I wanted to do them all. Men – young and old, thin and heavy, coiffed and shaggy – walked past my gate in Hartsfield-Jackson as I waited for my connection to visit my sister in Connecticut. Not all rated attractive, but I found the idea of sex with each captivating.

The young man with the tight shoulders, the bookish guy with Clark Kent glasses, the soldier in fatigues? Yes, yes and yes. The sweatshirt-clad-torn-jeans man was not my type, but I ogled him anyway.

I had been taking estrogen replacement therapy for four years prescribed after my hysterectomy at 36. But two weeks ago, my doctor added a special cream to boost my testosterone. She warned me of “odd symptoms,” but she didn’t mention this constant sexual distraction. Or the irrational anger. The day before, I dropped a fork in the kitchen and kicked it. It clattered into the base of the cabinet, but that wasn’t enough. I picked it up and threw it into the sink with a force intended to harm. When the mailman carelessly slammed a box onto the front steps, I resisted the urge to slap him silly.

At the follow-up, my doctor said, “Now you know what it’s like to have your brain bathed in testosterone.” In other words: What it’s like to live like a man. This experience is unusual but might become more common. Doctors use hormones to treat diseases, prevent ovulation, and for surgical conditions, as in my case. Plus, those who are transitioning to the opposite sex undergo hormone replacement therapy to align with their identifying gender.

Doctors alter the hormones of millions. And in that, we have an opportunity to learn. Living for a few weeks with extra testosterone gave me a new understanding of men. Now, when I notice my husband glancing at an attractive woman, I don’t take offense. Testosterone turns your head and makes you look. Sometimes, I whisper, “Yep, she’s beautiful.” He jokes that I’m now one of the guys.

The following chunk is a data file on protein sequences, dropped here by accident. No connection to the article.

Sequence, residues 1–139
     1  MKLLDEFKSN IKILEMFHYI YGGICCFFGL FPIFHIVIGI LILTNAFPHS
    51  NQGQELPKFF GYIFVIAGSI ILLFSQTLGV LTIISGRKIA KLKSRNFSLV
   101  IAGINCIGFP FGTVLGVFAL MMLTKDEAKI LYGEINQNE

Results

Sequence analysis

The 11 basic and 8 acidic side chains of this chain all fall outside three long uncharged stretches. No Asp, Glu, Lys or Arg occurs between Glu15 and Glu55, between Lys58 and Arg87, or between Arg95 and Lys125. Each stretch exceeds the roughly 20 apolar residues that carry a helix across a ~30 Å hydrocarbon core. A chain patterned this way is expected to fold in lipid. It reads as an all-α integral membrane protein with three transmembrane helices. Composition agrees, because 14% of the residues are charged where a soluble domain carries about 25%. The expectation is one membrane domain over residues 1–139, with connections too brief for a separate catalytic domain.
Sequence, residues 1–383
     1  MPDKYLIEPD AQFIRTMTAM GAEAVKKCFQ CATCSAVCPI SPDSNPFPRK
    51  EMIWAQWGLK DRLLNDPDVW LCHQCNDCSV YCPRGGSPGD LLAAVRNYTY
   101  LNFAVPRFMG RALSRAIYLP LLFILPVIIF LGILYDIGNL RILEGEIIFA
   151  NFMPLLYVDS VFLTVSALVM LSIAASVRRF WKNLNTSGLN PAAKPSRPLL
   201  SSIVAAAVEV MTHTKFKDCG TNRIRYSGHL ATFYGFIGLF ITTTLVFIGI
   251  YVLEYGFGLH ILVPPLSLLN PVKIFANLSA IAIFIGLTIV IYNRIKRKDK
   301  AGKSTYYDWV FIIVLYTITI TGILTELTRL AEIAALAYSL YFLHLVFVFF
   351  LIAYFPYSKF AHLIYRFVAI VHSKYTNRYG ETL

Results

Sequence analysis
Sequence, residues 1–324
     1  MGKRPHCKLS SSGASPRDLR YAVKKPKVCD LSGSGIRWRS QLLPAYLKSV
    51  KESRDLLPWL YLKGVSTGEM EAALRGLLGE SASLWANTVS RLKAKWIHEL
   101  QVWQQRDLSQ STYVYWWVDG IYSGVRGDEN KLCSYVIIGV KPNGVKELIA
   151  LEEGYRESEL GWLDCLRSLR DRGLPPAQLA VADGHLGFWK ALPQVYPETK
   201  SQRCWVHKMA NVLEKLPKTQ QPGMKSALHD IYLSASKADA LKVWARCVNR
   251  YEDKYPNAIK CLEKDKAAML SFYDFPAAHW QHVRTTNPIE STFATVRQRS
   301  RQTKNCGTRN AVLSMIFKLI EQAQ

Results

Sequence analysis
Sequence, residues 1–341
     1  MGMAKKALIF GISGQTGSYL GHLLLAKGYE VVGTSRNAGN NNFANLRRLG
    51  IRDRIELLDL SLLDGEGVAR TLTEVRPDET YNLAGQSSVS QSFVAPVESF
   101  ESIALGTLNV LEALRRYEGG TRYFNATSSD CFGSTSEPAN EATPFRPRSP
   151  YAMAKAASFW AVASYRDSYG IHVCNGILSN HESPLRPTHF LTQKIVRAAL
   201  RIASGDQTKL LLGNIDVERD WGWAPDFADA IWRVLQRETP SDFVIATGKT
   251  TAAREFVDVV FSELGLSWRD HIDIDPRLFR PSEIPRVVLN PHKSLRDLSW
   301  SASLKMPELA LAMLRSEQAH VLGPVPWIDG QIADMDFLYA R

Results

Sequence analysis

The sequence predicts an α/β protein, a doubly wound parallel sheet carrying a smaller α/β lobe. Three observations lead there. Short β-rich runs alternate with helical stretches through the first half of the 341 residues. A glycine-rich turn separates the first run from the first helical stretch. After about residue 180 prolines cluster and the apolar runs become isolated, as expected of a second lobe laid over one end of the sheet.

Could I have achieved this compassion any other way? Empathy is complex. Researchers from the Max Planck Institute reported in 2013 that humans are basically egocentric. We tend to view others’ emotions in light of our own. Our brain can counteract this self-centeredness, but we have a better chance if our emotions are neutral or in the same emotional state as the other.

When discussing this with my daughter, she suggested that perhaps in the future, we might choose to live for a while as the opposite sex to learn how the other thinks and functions. Perhaps a few days or a week might be feasible, but unfortunately, the side effects for longer periods are problematic. Both testosterone and estrogen therapies have been linked to heart attacks and strokes. Doctors need bona fide medical or psychological reasons to alter hormones. In fact, the standards of care for people transitioning hormonally to the opposite sex are stringent and include significant counseling and monitoring by a medical doctor.

Some people transition though, and some, like me, spend time with the wrong prescription. We then process the world through a different lens of emotion and analysis. Yet, the lens is the transient thing.

It is possible to live as either male or female.

Which means, of course, underneath the high-pitched whine of our sex hormones, underneath the lens, we are neither.